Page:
No Port in the Storm: Ensuring DIP loans don’t inadvertently cross the criminal interest threshold

in the Port Capital Development (EV) Inc. (Re)The British Columbia Supreme Court recently declined to offer further consolation to a lender in possession (DIP) in a CCAA case, issuing a statement that the interest rate and fees charged under the loan exceeded the criminal code by charging an annualized interest rate of over 60%. DIP lenders in highly distressed situations, particularly for short-term loans, must be diligent in ensuring that interest and other charges payable by borrowers on their loans do not exceed this legal threshold to avoid the possible consequences of including, in extreme cases, any interest payable thereunder will be void.

Penalty interest: When “interest” is not the same as interest

It is a criminal offense according to § 347 para criminal code for a lender to enter into a contract that provides interest in excess of 60% per annum or to receive a payment of interest. In applying this section, interest includes not only the interest rate specified in the contract, but virtually all other elements of the cost of credit, regardless of how the parties have characterized them.[1]

The costs that have been factored into the interest calculation include, but are not limited to, commitment fees, brokerage fees, loan advance fees, setup fees, renewal fees, financing fees, bonuses, legal fees and other lender costs, capitalized interest and compensation for lost interest money advanced in the short term.[2]

Aside from being a criminal offence, courts generally refuse to enforce an agreement charging interest above the penalty rate, as it is contrary to public policy. The courts may, at their discretion, apply a variety of remedies in this situation. At one end of the spectrum, the court may rule that the contract as a whole is void from the beginning, which is only used in the most egregious and abusive cases. The court may void the payment of interest but still require payment of the principal. At the other end of the spectrum, the court can apply a notional settlement (the so-called “blue pencil” test) and strike out contract terms that cause interest to be charged below the criminal rate (e.g., fees and costs that set you a otherwise compliant interest rate above the criminal interest rate).[3]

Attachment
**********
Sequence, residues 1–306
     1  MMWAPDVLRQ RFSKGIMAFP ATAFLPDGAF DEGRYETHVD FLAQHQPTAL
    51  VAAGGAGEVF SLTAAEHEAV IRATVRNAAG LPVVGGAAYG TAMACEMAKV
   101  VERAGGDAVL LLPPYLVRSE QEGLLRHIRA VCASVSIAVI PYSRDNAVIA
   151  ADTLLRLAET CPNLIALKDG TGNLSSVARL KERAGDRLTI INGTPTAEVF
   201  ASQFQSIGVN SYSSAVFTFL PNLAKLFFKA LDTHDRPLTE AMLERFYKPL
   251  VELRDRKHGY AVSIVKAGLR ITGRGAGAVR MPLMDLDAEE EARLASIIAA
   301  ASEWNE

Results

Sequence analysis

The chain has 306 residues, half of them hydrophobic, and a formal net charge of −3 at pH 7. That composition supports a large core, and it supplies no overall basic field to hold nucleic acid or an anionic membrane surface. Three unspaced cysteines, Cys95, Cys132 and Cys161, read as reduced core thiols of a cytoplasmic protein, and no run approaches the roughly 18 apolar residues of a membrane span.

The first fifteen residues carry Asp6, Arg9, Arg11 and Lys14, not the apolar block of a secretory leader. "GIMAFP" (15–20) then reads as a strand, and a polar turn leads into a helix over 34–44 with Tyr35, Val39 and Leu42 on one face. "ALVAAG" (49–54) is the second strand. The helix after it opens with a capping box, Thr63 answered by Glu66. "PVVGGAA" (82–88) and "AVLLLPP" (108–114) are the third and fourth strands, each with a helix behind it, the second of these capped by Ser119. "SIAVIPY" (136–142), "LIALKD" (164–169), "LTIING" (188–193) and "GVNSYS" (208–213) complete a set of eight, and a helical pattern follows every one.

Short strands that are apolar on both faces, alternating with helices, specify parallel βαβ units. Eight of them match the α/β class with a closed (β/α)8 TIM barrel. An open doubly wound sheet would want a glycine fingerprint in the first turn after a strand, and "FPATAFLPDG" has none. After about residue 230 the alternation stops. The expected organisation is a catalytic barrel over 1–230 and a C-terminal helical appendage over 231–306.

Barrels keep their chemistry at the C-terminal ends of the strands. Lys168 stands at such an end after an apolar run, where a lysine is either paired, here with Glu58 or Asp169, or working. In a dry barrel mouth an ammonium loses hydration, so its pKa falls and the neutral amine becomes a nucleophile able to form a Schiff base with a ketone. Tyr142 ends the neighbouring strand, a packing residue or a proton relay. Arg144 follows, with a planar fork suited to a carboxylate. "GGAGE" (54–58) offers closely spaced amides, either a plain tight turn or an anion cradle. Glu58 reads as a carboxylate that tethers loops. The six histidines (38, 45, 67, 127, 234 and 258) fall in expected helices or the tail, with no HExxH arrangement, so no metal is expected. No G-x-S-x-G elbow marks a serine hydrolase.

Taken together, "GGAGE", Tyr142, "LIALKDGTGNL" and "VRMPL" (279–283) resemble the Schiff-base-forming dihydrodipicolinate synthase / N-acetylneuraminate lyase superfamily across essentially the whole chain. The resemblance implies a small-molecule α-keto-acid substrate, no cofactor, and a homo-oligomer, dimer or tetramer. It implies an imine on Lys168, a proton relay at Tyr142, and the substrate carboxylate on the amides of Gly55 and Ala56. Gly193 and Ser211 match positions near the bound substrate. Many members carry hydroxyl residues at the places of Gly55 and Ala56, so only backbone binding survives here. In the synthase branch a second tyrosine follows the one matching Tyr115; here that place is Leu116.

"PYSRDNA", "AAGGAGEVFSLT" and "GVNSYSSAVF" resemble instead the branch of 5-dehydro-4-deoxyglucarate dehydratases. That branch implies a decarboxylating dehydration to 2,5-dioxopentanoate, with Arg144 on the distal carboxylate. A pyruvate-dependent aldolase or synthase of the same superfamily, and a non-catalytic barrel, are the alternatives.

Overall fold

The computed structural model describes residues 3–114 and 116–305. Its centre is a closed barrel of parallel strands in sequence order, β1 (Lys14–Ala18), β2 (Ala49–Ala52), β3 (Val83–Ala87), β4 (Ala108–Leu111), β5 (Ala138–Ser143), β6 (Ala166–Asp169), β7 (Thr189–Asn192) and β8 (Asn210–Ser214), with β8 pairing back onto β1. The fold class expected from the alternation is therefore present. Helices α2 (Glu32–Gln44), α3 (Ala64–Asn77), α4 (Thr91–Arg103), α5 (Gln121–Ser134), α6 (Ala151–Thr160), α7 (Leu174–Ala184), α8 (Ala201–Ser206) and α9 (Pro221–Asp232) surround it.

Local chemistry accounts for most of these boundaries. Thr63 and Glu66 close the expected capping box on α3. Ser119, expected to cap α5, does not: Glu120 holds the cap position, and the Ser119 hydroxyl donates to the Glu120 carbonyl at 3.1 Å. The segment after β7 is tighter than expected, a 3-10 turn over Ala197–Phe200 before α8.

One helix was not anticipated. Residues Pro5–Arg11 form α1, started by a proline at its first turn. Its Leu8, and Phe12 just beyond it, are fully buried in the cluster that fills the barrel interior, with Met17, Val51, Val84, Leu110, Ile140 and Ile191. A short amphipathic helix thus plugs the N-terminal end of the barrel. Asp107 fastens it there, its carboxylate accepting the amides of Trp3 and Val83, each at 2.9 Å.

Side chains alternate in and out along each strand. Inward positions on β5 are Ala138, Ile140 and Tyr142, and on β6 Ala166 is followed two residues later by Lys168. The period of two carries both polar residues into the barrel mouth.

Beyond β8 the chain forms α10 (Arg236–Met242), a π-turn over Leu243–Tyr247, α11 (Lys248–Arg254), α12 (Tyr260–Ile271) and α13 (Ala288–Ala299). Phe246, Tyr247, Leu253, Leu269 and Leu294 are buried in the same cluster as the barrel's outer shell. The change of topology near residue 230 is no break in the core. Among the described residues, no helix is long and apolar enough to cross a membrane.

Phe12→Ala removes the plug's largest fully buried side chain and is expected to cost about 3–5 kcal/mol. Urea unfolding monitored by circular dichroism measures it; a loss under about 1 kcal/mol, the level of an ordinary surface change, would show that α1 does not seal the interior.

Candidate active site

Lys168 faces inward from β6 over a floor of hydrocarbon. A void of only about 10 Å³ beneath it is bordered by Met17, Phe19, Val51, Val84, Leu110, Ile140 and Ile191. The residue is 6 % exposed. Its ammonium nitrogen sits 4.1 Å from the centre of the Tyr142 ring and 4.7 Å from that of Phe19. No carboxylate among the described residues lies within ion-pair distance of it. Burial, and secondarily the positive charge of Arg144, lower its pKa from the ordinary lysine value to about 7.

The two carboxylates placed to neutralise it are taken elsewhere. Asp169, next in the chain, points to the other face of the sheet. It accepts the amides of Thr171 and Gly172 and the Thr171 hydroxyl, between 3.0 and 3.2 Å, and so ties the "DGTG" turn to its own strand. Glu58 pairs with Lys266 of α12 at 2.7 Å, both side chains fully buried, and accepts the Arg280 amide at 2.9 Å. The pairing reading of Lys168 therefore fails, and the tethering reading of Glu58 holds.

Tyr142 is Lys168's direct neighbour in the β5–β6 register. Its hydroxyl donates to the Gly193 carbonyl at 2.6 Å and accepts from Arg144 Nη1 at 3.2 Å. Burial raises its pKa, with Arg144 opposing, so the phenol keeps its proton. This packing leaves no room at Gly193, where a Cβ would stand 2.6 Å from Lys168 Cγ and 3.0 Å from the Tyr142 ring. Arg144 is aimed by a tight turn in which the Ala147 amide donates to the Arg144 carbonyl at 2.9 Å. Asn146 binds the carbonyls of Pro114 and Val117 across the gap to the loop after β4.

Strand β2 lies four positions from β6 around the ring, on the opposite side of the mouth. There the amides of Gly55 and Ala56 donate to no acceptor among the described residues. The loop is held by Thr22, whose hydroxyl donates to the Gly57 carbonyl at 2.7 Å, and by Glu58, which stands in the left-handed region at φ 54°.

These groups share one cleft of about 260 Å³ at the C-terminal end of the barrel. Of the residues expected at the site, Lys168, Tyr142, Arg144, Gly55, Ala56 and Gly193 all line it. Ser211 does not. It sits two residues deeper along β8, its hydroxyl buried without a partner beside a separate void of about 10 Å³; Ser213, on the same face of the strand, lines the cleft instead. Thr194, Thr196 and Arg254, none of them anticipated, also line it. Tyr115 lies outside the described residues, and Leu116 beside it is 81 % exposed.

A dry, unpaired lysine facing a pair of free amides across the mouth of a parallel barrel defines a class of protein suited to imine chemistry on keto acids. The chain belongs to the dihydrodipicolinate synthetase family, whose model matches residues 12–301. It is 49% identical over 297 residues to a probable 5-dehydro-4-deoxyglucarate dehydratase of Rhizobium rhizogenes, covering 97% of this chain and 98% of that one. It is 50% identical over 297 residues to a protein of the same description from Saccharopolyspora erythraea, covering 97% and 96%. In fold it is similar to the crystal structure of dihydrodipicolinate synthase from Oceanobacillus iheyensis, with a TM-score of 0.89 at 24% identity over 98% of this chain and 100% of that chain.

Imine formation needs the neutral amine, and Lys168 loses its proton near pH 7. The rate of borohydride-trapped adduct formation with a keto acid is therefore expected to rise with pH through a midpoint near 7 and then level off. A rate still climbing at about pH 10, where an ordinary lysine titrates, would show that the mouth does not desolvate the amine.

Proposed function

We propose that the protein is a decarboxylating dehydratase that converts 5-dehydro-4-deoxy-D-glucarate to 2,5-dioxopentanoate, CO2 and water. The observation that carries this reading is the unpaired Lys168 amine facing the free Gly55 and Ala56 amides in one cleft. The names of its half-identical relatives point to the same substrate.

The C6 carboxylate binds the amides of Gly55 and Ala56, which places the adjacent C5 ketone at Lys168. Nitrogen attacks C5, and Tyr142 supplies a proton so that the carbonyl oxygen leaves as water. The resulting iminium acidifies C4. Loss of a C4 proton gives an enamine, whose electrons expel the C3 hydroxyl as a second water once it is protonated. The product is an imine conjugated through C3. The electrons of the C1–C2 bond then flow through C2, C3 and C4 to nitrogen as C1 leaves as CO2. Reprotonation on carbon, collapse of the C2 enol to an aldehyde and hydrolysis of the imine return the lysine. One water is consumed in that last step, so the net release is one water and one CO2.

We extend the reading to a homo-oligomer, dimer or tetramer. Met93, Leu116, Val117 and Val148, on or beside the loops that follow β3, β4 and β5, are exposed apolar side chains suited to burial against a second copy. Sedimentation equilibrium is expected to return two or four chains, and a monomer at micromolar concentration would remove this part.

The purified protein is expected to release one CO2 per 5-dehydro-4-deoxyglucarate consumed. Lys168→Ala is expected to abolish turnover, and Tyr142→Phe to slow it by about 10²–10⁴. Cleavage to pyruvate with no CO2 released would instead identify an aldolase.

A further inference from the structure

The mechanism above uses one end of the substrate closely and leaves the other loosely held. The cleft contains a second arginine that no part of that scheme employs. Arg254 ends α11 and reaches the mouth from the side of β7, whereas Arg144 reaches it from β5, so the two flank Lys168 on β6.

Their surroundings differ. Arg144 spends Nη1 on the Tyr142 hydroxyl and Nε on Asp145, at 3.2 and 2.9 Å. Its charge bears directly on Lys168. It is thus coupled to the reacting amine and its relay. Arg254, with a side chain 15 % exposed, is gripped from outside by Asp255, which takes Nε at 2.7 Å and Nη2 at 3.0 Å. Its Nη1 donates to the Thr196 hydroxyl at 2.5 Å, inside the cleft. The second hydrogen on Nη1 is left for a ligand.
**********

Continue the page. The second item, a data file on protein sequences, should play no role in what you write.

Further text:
Bill C-274, a private member’s bill that went on first reading on May 11, 2021, would lower the criminal interest rate to 30% plus the Bank of Canada overnight rate on the date of inception or renewal of the deal (among others changes). to the criminal interest provisions). However, the bill has not made any progress since the first reading.

Port Capital: The “onerous” loan

Port Capital is the owner of a proposed real estate development in downtown Vancouver. Port Capital started in May 2020 Law on the regulation of company creditors (“CCAA‘) after his construction lender and first mortgagee (CMLS) stopped funding and demanded payment of his loan. A sale and investment solicitation process was completed and three liquidation offers were submitted along with a “refinancing” proposal from another company that had common ownership with Port Capital (“129”), which is a loan from Domain Mortgage Corp. (“domain‘) and other funding sources that would pay off the existing DIP loan and first secured CLMS loan and provide additional funds for Port Capital to stay afloat and continue to seek a replacement lender for construction.